Kid Cudi has had an interesting transformation over the past few years. From his early days as an underground rap sensation with his A Kid Named Cudi mixtape to his mainstream explosion with Man on the Moon last year; Cudi is on a path to be the next big rock star. But is he the next big rock star? It is strange to look back and see what Cudder has become, but there are still glimmers of hope throughout his sophomore album, Man on the Moon II: The Legend of Mr. Rager, and that little bit of hope is managing to keep me on the Cudi bandwagon.
Right out of the gate it's clear that the Cudi we knew is not coming back. The lyrics in the first track on the album "Scott Mescudi Vs. The World" make it obvious that Cudi has created his own drug-induced world and is on his way to making it bigger: "You are now in the world I am ruling." It seems like Mr. Solo Dolo's wants to be the next Jimi Hendrix, and his single "Erase Me" is a clearcut example of this. The song evokes the rockstar persona that Cudi is striving for, with all the guitar riffs you could ever want from a rapper.
Life isn't all well and good for the K-I-D, though. Many of the songs on the album portray a Cudi that is often unhappy with his godlike ego and outrageous lifestyle. Tracks like "Trapped In My Mind" and "All Along" up the depressing quotient as Cudder belts out about his loneliness. The lifestyle he has created for himself seems like a mixed bag, full of ups and downs. "The Mood" is an atmospheric, synth-heavy beat laying out the sinful truth of what encapsulates Cudi when the sun goes down. As the album goes on, Cudi's new, simple direction becomes more and more clear, and he's not giving his fans a taste of the old Cudi. That ship has sailed.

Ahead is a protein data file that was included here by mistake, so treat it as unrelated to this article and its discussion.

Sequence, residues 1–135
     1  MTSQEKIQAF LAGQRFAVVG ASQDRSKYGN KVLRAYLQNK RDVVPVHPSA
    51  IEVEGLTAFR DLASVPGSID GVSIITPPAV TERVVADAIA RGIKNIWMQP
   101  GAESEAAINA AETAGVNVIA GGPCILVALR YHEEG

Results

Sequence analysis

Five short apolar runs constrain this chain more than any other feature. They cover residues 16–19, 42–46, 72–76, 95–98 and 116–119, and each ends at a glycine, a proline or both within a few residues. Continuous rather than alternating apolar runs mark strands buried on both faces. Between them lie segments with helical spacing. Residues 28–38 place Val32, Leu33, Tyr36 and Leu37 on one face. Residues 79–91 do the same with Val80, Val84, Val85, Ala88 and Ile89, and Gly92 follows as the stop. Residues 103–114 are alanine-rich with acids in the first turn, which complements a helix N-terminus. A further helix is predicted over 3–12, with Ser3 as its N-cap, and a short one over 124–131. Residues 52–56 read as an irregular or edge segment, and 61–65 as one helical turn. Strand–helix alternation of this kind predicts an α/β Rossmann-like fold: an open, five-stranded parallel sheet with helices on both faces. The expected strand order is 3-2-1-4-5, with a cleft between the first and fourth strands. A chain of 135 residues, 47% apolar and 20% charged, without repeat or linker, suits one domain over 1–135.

On the other hand, Mr. Solo Dolo definitely hasn't changed in a few aspects. Who would have thought that he still loves that sticky green? His love affair with marijuana shows up all over his Sophomore outing. Songs like, you guessed it, "Marijuana" are romantic tales of his love for kush. The ethereal piano keys accompany Cudi for a well timed 4:20 length (well done Cudi). "Ashin' Kusher" is another one that is fairly self-explanatory; the man loves to smoke that weed until it's nothing but ash.
Several songs on the album show that Cudi still carries a bit of his old flavour. "Mr. Rager" brings back memories of Man on the Moon I, with the perfect blend of that classic electronic influence and lyrics that explain the story of Mr. Rager perfectly. He is off an adventure that doesn't seem to be stopping. "The End" is also a fantastic throwback to his early days as an actual rapper. Accompanied by Chip tha Rippa and Nicole Wray, "The End" makes for a solid hip hop treat in the middle of what is becoming less and less like traditional hip hop.
It is hard to say whether or not this album was a success. In some aspects it falls short, with Cudi's dedication to being the next big rockstar causes him to miss what people love about him, but in other aspects, the Cudder that traditional fans know and love is still there. All of this comes to together to make an album that, despite a few shortcomings, is actually fairly enjoyable. Congratulations Mr. Rager, you can continue to enjoy your sticky icky, 'cause for now you're still flyin' high.